HomeUS News updateHow the FDIC prevents bank failures and limits contagion effects

How the FDIC prevents bank failures and limits contagion effects

Depositors’ money is fully guaranteed by the FDIC’s Deposit Insurance Fund, a pool supported by fees the agency regularly charges financial institutions. The FDIC requires banks to contribute money to the Deposit Insurance Fund, which can be used to compensate depositors up to a limit of $250,000.

However, if regulators deem a failed bank to be “systemically important” – as they did last week with respect to SVB and Signature – its depositors could be paid for balances in excess of that cap. The insurance limit has been increased several times in the program’s history, most recently during the 2008 financial crisis.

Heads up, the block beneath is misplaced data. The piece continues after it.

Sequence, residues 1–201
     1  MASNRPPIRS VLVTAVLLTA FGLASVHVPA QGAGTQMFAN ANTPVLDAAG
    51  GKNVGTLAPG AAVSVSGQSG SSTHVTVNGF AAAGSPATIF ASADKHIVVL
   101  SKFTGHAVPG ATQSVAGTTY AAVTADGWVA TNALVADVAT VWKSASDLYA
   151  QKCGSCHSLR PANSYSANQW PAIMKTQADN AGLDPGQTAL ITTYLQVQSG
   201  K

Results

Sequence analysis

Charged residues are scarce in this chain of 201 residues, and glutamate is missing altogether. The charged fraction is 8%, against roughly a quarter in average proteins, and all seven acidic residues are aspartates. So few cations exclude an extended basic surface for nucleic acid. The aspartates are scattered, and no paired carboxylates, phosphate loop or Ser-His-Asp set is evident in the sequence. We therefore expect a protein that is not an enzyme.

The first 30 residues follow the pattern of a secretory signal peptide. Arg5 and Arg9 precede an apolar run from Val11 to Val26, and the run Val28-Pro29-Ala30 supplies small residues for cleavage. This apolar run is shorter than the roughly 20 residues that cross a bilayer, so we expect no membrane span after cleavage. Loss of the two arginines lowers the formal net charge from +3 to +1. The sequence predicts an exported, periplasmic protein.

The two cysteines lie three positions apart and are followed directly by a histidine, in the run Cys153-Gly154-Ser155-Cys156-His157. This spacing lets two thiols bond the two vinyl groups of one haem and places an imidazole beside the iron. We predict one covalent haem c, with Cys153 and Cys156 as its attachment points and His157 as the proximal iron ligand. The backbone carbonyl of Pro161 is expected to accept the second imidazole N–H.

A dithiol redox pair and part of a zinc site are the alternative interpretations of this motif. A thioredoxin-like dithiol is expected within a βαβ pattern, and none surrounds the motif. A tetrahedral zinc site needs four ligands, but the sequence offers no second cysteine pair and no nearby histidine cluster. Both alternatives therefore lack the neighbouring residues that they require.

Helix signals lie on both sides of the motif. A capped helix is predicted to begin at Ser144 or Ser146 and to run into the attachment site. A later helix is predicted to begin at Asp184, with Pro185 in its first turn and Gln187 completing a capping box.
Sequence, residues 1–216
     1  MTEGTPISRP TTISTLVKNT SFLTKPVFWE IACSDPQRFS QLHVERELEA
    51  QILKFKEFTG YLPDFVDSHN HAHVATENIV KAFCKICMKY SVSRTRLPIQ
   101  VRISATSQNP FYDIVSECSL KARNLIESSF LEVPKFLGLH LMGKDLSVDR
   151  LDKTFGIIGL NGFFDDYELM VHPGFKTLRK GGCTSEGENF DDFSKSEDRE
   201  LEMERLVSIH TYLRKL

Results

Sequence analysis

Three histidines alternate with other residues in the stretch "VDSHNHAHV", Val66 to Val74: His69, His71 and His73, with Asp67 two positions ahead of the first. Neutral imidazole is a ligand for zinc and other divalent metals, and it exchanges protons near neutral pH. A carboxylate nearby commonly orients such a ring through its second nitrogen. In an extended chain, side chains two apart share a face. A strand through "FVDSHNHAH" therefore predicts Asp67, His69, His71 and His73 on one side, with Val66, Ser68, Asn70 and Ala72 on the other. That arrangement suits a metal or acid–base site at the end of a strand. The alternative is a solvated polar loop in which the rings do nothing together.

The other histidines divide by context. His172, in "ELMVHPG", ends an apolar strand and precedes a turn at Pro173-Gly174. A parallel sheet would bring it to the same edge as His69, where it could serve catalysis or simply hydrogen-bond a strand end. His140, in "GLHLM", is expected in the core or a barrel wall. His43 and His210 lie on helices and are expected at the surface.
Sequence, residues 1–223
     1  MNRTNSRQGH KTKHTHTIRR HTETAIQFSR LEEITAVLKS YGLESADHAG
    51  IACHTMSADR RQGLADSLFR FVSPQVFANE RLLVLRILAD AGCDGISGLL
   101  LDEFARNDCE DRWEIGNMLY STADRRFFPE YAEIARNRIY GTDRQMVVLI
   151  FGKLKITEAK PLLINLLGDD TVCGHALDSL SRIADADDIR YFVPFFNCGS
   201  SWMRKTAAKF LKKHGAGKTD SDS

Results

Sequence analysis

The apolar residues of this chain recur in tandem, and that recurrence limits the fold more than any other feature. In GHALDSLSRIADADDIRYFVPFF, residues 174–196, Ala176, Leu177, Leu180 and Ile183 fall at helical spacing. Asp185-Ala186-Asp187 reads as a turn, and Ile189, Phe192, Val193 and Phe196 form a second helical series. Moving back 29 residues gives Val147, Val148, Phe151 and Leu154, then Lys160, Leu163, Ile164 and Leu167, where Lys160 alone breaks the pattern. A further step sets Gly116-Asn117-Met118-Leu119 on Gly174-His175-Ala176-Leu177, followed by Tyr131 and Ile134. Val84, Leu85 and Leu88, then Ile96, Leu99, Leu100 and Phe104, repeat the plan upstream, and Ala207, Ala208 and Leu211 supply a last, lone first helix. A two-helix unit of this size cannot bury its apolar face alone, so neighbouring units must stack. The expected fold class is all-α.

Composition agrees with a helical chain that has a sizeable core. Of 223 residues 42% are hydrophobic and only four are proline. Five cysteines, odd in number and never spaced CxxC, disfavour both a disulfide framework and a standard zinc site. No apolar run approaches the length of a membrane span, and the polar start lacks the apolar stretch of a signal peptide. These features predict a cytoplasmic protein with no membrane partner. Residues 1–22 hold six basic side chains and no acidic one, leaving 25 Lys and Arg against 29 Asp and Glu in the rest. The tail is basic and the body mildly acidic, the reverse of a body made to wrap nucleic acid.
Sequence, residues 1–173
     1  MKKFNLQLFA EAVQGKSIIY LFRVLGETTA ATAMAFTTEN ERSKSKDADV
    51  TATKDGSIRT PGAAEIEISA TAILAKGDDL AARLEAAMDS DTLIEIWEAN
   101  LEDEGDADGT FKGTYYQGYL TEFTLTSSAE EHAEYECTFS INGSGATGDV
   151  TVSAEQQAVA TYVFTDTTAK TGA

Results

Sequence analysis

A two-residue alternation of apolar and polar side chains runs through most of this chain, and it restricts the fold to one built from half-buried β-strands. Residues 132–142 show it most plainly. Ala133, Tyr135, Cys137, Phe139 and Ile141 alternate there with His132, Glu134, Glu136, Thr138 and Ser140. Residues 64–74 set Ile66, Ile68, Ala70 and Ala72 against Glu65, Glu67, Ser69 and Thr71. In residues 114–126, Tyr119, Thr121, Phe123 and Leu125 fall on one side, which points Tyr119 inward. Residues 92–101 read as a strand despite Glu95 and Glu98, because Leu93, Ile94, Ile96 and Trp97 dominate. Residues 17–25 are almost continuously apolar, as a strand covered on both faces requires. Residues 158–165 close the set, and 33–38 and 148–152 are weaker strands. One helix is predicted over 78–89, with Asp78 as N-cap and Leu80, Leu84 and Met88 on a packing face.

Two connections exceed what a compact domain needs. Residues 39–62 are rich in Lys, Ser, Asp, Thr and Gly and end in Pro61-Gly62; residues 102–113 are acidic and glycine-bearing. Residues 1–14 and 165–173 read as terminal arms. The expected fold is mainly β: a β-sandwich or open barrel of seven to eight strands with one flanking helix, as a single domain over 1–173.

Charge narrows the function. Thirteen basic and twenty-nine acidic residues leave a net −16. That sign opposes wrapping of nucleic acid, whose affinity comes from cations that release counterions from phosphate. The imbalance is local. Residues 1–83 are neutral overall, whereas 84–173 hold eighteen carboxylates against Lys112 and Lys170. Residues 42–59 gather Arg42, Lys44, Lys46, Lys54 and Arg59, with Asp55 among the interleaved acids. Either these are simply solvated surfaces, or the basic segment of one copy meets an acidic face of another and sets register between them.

Yellen was asked to clarify Thursday whether the government would freeze all bank customers whose funds exceed the FDIC’s $250,000 limit after doing so for SVB and Signature.

His answer: A bank “only receives that treatment” if regulators determine that it meets certain criteria indicating potential systemic risk from collapse. As a result, he cautioned, depositors at other banks cannot be guaranteed such strong protection, and the FDIC’s standard $250,000 cap continues to apply.

Because the Deposit Insurance Fund is not backed by taxpayer money, the Biden administration has argued that the backstop move does not constitute a bailout.

The systemic risk exception has been invoked earlier. In 2008, the federal government used it to address the mortgage crisis, which put several large US banks at risk.

As Isaac Boltansky, an analyst at financial services firm BTIG, wrote in a recent note to clients, what triggers the systemic risk exception “seems to be a ‘clear case of emergency’ pause for policymakers.”



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